Sunday, December 15, 2013

The Cuban connection

Cuban relations with North Korea

The Cuban connection
Dec 15th 2013, 6:15 by

THIS is not the best time to be a confidante of Jang Sung Taek, the
uncle of Kim Jong Un, North Korea's leader, who was executed in
Pyongyang this week. One man who is apparently already counting the cost
of close association with Mr Jang is the North Korean ambassador to Cuba.

Ambassador Jon Yong Jin is a veteran diplomat who boasted what were
considered, until very recently, impeccable credentials: he is married
to Mr Jang's elder sister. South Korean officials say he was ordered
back home on around December 6th. (Another diplomat to be recalled to
Pyongyang was North Korea's ambassador to Malaysia, a nephew of Mr
Jang's.) Mr Jon's appointment in February 2012, together with a
high-profile five-day visit in June 2013 to Havana by the head of the
North Korean army's general staff, General Kim Kyok Sik, had been seen
as a sign of closer alliance between two enduring communist powers.

Despite a broadly-shared ideology, Cuba and North Korea have had their
differences. President Kim Il Sung, a proponent of the non-aligned
movement, was apparently unimpressed by Fidel Castro's admiration of the
Soviet Union. Castro only visited Pyongyang once, in 1986. His decision
that no statues to living persons (ie, himself) would be put up in Cuba
appeared to be an attempt to distance Cuba's version of communism from
the personality cults of North Korea. In the 1980s Cuba did receive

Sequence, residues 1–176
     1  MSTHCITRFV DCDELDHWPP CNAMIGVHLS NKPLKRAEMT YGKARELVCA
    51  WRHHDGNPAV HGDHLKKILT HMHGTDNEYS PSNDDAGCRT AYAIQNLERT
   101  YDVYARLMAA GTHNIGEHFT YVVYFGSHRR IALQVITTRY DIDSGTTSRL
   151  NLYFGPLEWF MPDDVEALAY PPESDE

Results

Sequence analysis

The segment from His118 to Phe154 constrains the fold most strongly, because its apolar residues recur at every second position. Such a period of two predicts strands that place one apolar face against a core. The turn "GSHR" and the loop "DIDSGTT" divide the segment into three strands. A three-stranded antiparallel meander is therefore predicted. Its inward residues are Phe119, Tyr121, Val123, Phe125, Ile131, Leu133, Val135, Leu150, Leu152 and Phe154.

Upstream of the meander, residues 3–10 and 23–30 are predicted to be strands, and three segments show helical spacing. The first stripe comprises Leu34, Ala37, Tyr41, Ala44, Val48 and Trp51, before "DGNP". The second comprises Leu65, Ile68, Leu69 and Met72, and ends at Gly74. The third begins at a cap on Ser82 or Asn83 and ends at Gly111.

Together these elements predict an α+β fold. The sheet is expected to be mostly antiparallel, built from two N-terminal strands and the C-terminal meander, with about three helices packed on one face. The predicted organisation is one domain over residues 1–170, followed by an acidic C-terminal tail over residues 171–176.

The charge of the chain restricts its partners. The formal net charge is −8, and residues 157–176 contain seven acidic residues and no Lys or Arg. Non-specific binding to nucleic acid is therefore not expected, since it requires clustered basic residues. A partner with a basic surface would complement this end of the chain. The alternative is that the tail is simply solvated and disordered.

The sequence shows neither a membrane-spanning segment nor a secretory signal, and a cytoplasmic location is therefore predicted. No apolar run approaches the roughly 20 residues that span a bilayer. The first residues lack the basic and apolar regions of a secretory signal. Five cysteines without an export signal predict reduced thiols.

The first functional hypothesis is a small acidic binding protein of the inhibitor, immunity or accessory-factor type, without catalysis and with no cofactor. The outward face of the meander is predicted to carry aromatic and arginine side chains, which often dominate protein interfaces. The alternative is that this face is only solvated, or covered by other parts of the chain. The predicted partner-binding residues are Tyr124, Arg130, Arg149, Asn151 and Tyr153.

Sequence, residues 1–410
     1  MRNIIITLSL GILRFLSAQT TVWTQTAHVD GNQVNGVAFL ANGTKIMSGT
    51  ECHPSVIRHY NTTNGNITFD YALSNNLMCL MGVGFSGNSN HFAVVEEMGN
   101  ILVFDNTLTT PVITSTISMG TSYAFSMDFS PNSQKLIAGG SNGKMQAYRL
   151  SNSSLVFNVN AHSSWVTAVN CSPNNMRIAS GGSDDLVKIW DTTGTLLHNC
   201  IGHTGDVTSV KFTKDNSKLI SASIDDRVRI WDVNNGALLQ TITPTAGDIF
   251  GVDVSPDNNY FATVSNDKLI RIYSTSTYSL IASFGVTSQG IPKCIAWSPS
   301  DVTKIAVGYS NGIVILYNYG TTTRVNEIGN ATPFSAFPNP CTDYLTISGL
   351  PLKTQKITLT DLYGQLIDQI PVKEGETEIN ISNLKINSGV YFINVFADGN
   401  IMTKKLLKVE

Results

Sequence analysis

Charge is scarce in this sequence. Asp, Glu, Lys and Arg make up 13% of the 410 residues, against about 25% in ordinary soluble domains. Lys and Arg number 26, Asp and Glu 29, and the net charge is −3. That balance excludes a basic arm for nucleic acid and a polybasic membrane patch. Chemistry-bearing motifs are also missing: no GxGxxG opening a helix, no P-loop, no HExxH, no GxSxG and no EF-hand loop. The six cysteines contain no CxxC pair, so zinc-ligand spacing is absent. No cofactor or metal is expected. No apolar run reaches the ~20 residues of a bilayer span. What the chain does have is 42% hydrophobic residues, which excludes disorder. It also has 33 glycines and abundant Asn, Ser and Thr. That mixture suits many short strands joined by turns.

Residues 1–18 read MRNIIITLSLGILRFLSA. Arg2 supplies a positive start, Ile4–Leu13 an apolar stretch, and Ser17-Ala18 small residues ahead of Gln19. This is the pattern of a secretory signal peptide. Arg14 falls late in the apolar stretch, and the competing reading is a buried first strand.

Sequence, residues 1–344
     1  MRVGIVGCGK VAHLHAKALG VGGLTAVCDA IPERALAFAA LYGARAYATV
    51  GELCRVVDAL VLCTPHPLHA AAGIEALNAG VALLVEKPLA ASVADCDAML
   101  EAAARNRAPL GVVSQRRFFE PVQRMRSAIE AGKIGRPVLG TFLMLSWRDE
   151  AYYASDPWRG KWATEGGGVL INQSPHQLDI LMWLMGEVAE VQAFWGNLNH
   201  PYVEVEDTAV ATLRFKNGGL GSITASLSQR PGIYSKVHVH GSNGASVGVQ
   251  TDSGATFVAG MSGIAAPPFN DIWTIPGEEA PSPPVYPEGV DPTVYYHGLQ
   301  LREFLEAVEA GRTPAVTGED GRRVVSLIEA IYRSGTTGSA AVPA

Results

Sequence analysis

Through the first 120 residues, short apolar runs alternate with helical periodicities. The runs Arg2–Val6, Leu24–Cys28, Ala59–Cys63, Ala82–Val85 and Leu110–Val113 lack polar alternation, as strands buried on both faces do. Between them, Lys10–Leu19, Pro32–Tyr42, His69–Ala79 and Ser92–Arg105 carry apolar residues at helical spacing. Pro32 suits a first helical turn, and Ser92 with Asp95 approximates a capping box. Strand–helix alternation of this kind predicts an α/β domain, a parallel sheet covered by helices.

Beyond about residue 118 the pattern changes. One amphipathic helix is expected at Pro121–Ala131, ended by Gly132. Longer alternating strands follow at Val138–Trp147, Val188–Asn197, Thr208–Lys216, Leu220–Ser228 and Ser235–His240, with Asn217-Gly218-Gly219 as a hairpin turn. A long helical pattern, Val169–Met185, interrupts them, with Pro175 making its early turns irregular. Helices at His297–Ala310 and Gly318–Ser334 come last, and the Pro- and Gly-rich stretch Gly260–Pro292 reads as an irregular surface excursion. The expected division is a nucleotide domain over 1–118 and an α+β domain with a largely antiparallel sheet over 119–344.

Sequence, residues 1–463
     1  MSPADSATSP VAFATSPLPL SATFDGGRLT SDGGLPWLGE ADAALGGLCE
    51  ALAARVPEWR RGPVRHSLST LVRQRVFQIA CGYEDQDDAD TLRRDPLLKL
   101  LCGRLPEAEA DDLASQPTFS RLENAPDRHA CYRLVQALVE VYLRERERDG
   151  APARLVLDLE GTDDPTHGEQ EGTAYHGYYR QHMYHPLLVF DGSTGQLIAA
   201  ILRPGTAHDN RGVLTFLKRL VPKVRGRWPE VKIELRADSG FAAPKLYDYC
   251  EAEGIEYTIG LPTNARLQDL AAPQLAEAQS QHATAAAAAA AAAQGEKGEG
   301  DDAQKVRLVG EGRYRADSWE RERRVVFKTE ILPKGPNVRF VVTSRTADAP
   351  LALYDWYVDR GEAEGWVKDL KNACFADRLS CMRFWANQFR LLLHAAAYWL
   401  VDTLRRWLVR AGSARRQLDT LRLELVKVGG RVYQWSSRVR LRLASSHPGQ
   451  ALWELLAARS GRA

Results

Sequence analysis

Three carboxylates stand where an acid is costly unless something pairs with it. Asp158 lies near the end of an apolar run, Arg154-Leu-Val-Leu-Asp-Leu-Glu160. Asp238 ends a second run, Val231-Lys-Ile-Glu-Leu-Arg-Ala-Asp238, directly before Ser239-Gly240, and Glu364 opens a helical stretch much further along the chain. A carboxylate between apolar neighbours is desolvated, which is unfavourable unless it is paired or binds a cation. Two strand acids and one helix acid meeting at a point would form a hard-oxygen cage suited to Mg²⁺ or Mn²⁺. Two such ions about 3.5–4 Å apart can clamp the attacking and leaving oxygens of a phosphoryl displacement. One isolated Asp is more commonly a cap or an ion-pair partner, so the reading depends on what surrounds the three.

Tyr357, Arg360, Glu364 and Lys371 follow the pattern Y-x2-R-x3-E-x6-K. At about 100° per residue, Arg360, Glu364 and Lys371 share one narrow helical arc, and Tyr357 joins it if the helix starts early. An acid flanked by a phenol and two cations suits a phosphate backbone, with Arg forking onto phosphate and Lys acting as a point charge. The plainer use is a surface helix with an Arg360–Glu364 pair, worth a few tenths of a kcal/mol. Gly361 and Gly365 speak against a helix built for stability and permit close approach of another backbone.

(apparently for free) 100,000 AK47s from North Korea, but trade had been
minimal until recently.

Under Raul Castro (who formally took over the Cuban presidency in 2008),
military and commercial co-operation appears to have increased. The
nature of the relationship was dramatically exposed in July, when the
Panamanian authorities intercepted a North Korean ship carrying arms
from Cuba. The ship had plied the same route at least once before. Cuba
initially described the intercepted cargo as nothing more than aid in
the form of sugar. When weapons were discovered under the bags of sugar,
the authorities in Havana then attempted to dismiss the cache as
"obsolete" items that were en route to North Korea for repairs (the UN
prohibits all arms transfers to North Korea).

But a thorough inspection suggests that was not the case. The vessel was
carrying 25 shipping containers with military equipment inside. The
cargo included two Mig-21 jet fighters. The jet fuel inside their tanks,
along with maintenance logs, indicated that they had recently been
flown. Ammunition and 15 apparently new MiG engines were also
discovered. Panama's foreign minister, Fernando Nuñez Fabrega, says he
believes the shipment was "part of a major deal" between the two
countries. The United Nations is preparing a report on the episode.

Shortly after the ship's interception, General Kim Kyok Sik, the army
chief who had met Raul Castro in August, was dismissed (although some
reports suggest his appointment was always temporary). In its
unprecedented character assassination of Mr Jang before his summary
execution, North Korea said, among other things, that he "stretched his
tentacles" into areas where he should not have been interfering. Whether
the arms deal with Cuba was an example of that may never be known. But
it does seem likely that North Korea will need a new man in Havana.

Source: "Cuban relations with North Korea: The Cuban connection | The
Economist" -

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